While dissatisfaction with poor economic conditions and corruption appears to be on the rise, Vladimir Putin looks set to remain the frontrunner ahead of presidential elections in March 2018, still benefitting from high approval ratings and a weakened opposition. Russia’s economy is emerging from recession, but we forecast growth over coming years to remain subdued when considering the scale of the downturn since 2014. Growth will be capped by the country’s structural inefficiencies, amid a lack of progress in the implementation of much-needed reforms.
Russia’s long-term growth potential is subdued, closer to that of mature developed economies rather than a higher growth emerging market. This is due to the highly centralised nature of its economic model and large government footprint in key sectors, reliance on energy exports, poor business environment, weak investment growth and lack of structural reform momentum.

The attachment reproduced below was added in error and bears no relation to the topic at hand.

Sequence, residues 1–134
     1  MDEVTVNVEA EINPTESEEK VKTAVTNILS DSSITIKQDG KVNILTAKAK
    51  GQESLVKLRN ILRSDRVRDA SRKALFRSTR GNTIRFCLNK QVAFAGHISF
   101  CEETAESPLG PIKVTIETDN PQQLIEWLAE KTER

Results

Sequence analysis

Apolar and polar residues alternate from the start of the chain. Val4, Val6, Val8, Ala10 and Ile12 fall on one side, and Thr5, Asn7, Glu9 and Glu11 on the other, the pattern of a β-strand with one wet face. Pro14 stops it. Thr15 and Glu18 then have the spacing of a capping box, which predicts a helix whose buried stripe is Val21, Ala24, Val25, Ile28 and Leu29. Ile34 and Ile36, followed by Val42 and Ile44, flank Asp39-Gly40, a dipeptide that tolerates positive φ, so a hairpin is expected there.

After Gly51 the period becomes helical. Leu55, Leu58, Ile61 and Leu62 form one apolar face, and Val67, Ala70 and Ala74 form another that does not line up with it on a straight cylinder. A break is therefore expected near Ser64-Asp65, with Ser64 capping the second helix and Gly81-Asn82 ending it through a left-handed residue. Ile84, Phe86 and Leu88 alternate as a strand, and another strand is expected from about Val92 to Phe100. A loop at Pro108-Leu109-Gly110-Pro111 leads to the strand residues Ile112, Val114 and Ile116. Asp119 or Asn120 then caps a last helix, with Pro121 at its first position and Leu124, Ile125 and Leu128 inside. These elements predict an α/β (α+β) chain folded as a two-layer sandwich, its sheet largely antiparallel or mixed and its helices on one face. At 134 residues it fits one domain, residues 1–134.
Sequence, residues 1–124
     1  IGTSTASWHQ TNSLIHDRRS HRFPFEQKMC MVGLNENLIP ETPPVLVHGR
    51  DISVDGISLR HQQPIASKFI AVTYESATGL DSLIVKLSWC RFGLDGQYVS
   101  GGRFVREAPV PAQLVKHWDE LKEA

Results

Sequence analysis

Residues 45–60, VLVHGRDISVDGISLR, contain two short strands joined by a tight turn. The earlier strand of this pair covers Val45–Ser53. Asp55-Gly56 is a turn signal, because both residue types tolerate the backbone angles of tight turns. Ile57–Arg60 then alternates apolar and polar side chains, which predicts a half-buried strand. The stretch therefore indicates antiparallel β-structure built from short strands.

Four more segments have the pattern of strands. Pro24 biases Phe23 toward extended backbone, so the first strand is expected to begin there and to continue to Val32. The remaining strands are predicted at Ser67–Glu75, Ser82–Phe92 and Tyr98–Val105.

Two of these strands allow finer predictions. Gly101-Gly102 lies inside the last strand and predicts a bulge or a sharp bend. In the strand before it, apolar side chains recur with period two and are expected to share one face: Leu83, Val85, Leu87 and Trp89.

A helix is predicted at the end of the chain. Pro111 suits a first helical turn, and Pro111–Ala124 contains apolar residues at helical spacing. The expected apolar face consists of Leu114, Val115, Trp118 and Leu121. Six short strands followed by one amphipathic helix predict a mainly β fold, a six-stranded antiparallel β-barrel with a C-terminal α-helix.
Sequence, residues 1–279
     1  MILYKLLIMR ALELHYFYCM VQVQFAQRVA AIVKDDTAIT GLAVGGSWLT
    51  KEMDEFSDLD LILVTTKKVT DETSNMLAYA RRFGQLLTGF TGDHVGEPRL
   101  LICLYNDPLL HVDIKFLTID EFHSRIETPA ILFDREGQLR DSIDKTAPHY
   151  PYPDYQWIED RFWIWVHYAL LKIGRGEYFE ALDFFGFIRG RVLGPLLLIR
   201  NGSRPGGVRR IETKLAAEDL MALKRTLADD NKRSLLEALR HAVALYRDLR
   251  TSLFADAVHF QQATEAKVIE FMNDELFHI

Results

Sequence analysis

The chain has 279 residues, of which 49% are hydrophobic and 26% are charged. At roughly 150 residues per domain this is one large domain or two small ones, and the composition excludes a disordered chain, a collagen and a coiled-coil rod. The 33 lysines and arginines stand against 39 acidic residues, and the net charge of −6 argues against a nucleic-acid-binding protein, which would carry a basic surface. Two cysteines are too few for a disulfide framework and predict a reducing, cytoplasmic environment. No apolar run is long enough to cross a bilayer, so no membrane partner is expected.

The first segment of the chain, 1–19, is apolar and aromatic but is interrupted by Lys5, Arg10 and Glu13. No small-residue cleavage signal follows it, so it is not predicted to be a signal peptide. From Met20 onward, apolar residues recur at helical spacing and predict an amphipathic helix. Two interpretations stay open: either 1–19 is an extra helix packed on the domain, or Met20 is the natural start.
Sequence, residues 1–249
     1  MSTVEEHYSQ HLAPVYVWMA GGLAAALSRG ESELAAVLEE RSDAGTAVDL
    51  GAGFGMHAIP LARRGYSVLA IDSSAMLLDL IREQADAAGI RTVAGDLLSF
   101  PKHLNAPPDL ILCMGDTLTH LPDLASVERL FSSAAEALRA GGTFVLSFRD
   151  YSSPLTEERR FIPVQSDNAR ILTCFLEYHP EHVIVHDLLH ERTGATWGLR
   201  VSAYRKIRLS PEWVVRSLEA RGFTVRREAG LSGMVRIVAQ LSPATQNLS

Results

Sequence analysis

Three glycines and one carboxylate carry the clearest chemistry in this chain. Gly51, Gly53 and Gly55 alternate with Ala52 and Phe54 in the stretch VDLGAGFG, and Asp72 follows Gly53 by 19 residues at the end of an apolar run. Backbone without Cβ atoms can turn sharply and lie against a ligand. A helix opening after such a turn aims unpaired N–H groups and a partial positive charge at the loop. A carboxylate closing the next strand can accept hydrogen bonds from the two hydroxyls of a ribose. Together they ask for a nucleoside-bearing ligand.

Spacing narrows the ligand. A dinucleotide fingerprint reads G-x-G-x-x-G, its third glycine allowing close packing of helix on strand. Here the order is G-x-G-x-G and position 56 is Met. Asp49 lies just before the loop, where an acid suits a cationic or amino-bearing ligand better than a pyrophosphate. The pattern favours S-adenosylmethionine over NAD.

Russia’s external position will remain a bright spot for the economy despite a fall in the price of its main commodity exports, with the current account surplus remaining in relatively robust surplus in the coming years as imports remain subdued. Over coming quarters we expect little financing pressure to emerge in the economy as its large international reserves position remains sufficient to entirely cover maturing external obligations.
While Russia’s fiscal position is bolstered by low public debt ratios and fiscal reserves at its disposal, the sovereign profile will deteriorate in coming years and major fiscal reforms – such as an overhaul of the pension system – will be necessary to ensure long-term sustainability of the public finances in light of lower commodity prices.
Major Forecast Changes
Political risk has intensified on the back of diminished prospects of a rapprochement with the west in the near term.